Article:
Be warned about trading on if your company is nearly insolvent

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Timothy Bates of Auckland law firm Legal Vision.

Timothy Bates of Auckland law firm Legal Vision reviews a Supreme Court decision focusing on company directors’ responsibility under the Companies Act 1993.

This article focuses on directors’ responsibility under the Companies Act 1993 and, specifically, sections 135 (Reckless trading), 136 (Duty in relation to company obligations) and 301 (Power of court to require directors to repay money or return property).

Facts

Debut Homes Ltd (Debut) was a property developer, and Mr Cooper was Debut’s sole director.

In November 2012, Mr Cooper decided to wind down Debut’s operations, completing a four-house development then underway, at which time the company would cease trading.

This required his trust to advance further working capital that was subsequently repaid.

Mr Cooper calculated in November 2012 that even if he was to complete the four houses, there would remain an unpaid GST liability of more than $300,000 when the properties were sold.

Debut completed and sold these four houses, and in that way was able to repay his trust, plus other creditors.

On March 7, 2014, Debut went into liquidation by application of the IRD. At that point in time it owed the IRD $450,099, including unpaid GST, penalties and interest.

The Liquidators of Debut started proceedings against Mr Cooper, based upon the above sections of the Companies Act 1993.

At High Court level, Mr Cooper was held to have breached his duties under sections 131 (Directors’ duties), 135 (Reckless trading) and section 136 of the Companies Act 1993.

His defence pursuant to section 138 (Relied upon professional advice) was rejected.

He was held liable under the Compensatory section, namely 301 of the Companies Act 1993, and personally required to contribute the sum of $280,000 towards the assets of Debut.

This figure was arrived at by the High Court using as a starting point the debts incurred and not paid between breach date and the liquidation, and then for providing discount for work Mr Cooper completed for the company without getting paid.

In the Court of Appeal though, Mr Cooper had some success. It ruled that Mr Cooper’s decision to complete the houses and sell them was a defensible business decision, as opposed to the alternative of ceasing work in November 2012 when the houses were partially completed.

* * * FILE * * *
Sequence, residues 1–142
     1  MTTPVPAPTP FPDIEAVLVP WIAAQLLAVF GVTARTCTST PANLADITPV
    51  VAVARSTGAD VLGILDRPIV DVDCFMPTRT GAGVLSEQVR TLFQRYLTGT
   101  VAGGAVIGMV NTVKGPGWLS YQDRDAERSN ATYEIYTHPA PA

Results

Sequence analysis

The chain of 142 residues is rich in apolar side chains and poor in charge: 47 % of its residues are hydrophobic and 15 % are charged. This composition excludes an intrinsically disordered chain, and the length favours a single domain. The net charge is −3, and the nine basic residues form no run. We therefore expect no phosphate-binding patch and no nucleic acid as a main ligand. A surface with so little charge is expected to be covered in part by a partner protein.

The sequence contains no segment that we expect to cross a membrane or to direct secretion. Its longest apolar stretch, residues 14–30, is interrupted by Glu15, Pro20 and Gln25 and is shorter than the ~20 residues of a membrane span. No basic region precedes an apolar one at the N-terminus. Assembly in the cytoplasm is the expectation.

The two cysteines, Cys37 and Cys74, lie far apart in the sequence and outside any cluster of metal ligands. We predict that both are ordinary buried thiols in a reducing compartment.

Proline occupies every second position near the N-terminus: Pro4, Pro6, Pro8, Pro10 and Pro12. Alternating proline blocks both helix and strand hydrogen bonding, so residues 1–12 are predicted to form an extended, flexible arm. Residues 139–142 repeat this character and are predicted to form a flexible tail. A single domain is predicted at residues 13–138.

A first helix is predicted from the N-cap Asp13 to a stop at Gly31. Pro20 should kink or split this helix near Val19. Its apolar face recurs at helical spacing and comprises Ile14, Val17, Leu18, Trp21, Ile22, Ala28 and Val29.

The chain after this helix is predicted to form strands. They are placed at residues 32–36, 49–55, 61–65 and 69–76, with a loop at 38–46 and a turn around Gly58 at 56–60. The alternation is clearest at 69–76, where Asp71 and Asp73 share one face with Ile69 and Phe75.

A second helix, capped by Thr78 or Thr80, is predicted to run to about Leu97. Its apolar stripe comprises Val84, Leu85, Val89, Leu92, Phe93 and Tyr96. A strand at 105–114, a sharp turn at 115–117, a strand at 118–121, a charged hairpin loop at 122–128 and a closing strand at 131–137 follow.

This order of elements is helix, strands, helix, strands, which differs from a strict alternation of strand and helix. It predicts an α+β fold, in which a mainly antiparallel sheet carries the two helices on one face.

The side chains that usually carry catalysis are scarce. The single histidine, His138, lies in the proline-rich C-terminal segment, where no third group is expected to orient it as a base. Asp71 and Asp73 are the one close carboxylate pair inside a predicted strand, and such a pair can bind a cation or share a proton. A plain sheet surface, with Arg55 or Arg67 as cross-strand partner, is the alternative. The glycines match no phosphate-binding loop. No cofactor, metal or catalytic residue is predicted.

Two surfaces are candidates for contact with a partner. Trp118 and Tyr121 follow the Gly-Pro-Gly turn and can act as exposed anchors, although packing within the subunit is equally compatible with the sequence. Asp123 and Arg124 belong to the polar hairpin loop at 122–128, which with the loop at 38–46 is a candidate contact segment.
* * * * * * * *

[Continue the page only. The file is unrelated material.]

Therefore, it found that Mr Cooper had not breached sections 131, 135, and 136 of the Companies Act 1993.

However, the Supreme Court restored the High Court decision ordering Mr Cooper to pay $280,000. It ruled that whilst section 301 was not supposed to be punitive it could have a deterrent element.

The appropriate starting point in terms of compensation for a breach of section 135 (Reckless trading) is the deterioration in the company’s financial position between when the trading ought to have ceased and the date of actual liquidation.

But for breaches of section 136, the same measure of compensation may not apply.

The breach of duty in section 136 is the incurring of obligations without a reasonable belief that they will be met. The starting point for setting the compensatory award was to take account of all new debt incurred after the beginning of the breach.

The following caution to directors was made:

“Where directors allow a clearly insolvent company to continue trading without using one of the available formal or informal mechanisms, this will be in breach of their duties as directors, and will lead to relief being ordered under section 301.

Where there have been breaches of duties, any relief ordered under section 301 must respond to, and provide redress for, the particular duty of combination of duties breached.

Relief can be compensatory or restitutionary in nature, and must take account of all of the circumstances, including the nature of the breach or breaches, the level of culpability of the director, causation, duration of the breach, holding the director to account, and reversing the harm to the company.”

Overall, the Supreme Court has clarified what compensation under section 301 can be awarded for breaches of sections 135 and 136 of the Companies Act 1993.

Whilst the Supreme Court differentiated between the award of compensation that may be made under sections 135 and 136, invariably, both sections of the Act are typically breached at the same time.

Essentially, the plaintiff liquidator can elect between the two measures of compensation for breaches of these two sections.

If you find yourself the director of a company which is struggling to pay its debts as they fall due, you need to be careful not to expose yourself personally to personal liability for the company’s debt.

It is best to take accounting advice to assess solvency, followed by legal advice in terms of potential exposure under the Companies Act 1993 as a director.

Note: This article is not intended to be legal advice (nor a substitute for legal advice). No responsibility or liability is accepted by Legal Vision or Building Today to anyone who relies on the information contained in this article.